That's what I was thinking I know it can be done and it's way beyond me. There was a tutorial thread on here (maybe G B&C) way back in the day saying how to do it (it probably still exists), and it sounded like an awful lot of faffing about, with the very real risk of killing the pickup if you didn't know exactly what you were doing.

If I remember correctly.

Quote by dspellman
Oddly enough, a lot of Gibsons come with 2-wire pickups, while the same Gibson pickup purchased in the aftermarket is 4-wire. Same kind of discrepancies exist when it comes to potted or non-potted pickups. Odd.


yeah
#21
Quote by KailM
I have over 20+ years of experience welding and fabricating as well as dismantling/rebuilding various electronic and mechanical devices. I've got the skills to do this, just not as much specific knowledge as I'd like. That's why I asked the question.

FWIW I have installed an aftermarket pickup once and it worked great on the first try.
It was a perfectly legit question. There is no correlation between the knowledge of using a soldering iron and general electronics, and the specifics about humbucker designs being 2 and 4 wire.

Now if somebody asked what ohms meant and how to fix a tube amp, that would be different.
#23
Hey guys, I just wanted to run this past you. I went to the local music store yesterday and looked at that used LTD Explorer copy and played around with it. It's a beautiful guitar and played very nicely -- the weird thing was, it had an EMG in the neck and either a Dimarzio D-Sonic or Crunch Lab in the bridge (we couldn't tell, as they look the same with that solid bar-style magnet on one side). It also had a push/pull tone pot, which I couldn't tell whether was working or not.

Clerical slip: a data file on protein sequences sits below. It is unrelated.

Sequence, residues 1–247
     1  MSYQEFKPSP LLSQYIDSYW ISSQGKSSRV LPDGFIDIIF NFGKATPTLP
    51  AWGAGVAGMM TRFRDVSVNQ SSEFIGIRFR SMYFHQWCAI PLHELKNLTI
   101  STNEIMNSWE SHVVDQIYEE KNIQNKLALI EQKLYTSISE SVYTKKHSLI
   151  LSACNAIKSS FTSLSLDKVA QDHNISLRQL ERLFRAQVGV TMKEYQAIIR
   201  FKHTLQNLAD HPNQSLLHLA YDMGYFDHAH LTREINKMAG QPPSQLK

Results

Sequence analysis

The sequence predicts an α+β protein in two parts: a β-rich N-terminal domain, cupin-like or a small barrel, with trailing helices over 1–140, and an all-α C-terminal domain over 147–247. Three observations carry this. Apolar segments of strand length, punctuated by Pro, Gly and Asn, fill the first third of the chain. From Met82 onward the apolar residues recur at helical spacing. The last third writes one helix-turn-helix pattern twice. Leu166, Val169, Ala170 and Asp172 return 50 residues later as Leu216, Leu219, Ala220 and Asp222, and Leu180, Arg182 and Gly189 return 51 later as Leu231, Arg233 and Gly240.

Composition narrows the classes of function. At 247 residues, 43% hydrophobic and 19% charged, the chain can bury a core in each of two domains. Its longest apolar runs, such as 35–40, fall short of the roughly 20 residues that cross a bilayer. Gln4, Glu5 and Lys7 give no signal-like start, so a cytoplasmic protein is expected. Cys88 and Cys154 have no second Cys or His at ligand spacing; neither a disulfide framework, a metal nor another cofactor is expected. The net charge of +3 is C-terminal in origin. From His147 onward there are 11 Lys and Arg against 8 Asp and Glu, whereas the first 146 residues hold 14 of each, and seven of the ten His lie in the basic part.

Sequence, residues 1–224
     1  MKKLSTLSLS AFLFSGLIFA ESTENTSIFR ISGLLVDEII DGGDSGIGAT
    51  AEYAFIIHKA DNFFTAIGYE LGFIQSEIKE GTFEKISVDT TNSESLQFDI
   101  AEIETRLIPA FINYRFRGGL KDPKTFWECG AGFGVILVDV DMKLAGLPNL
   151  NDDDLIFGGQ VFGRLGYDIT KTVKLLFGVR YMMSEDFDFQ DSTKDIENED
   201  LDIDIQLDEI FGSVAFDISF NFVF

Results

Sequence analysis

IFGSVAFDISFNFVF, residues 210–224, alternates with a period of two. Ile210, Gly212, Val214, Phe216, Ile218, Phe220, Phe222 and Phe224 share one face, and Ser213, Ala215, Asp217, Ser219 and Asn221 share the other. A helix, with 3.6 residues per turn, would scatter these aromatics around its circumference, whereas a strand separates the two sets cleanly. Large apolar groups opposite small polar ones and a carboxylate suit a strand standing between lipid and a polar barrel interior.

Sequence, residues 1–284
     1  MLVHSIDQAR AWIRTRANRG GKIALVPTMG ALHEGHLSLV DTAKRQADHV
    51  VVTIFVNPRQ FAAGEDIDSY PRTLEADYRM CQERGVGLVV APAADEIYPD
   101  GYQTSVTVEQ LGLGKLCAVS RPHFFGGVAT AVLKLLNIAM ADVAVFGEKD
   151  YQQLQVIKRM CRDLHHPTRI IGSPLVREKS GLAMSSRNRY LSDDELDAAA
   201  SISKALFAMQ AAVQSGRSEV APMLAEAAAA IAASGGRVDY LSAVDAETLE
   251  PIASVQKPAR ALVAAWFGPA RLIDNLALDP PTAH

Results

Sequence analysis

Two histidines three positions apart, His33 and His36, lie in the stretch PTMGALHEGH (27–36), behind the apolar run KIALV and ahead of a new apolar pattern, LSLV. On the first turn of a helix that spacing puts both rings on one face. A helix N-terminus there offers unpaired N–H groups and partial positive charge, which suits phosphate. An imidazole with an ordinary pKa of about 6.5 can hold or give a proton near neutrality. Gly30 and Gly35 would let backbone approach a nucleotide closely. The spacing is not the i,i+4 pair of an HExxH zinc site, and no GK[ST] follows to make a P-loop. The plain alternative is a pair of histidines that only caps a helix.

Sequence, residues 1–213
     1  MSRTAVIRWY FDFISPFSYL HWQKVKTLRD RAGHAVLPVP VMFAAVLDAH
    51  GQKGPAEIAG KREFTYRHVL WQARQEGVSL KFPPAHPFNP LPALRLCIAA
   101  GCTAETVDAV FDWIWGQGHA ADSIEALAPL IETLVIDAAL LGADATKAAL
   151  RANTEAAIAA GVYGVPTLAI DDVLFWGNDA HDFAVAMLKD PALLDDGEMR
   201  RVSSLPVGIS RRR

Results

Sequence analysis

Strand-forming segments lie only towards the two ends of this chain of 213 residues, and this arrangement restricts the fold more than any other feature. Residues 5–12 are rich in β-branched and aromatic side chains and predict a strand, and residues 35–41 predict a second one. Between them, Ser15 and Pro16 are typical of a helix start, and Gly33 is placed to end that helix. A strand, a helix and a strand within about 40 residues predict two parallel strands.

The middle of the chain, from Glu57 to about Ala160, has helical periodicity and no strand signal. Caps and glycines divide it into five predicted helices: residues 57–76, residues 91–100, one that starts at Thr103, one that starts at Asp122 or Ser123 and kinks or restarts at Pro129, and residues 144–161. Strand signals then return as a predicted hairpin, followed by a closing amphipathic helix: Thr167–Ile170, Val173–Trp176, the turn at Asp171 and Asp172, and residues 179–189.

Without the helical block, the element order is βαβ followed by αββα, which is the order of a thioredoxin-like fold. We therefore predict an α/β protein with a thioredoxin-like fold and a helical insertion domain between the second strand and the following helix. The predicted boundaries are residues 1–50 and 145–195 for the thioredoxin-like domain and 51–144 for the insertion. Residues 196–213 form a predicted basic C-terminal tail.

Well, a store employee and I took the cover plate off to see what was going on in there because we'd both been under the impression that running an active and a passive pickup was not an easy thing to setup. We were thinking that maybe it was just an EMG cover over a passive pickup. Nope, there was a battery in there, and also the tone pot wasn't even wired-in (then I knew I wasn't crazy from not being able to tell a difference). So whoever owned this before probably replaced the bridge pickup with the Dimarzio and left the EMG or vice versa; hard to tell (though, there wasn't a separate cavity for the battery). The pickups are only wired to the volume pot and selector switch.

The shop guy said the EMG sounded good but the Dimarzio was thinner than it should sound -- I couldn't really tell anything was wrong because they both sounded decent through the 5150 I demoed the guitar through.

My question is, if I get this guitar, I'd likely ditch the EMG and keep the Dimarzio, then get a Dimarz. neck pickup to go with it. I should be able to wire everything in properly with that tone pot and get a coil-split on both pickups, correct? It just has a tone pot (push/pull) and one volume pot, and a 3-way selector switch.
Last edited by KailM at Nov 9, 2014,
#24
Quote by trashedlostfdup
does the store owner know? you would think he would. liquifires are common with crunchlab (John Petrucci) set.

a high percentage of mainstream picks are 4 conductor, especially dimarzio and SD, it gets more questionable when you get into PAF's and they may not be.

I know for a fact the Dimarzio PAFs ARE 4 conductor.
I just threw one in my Rhoads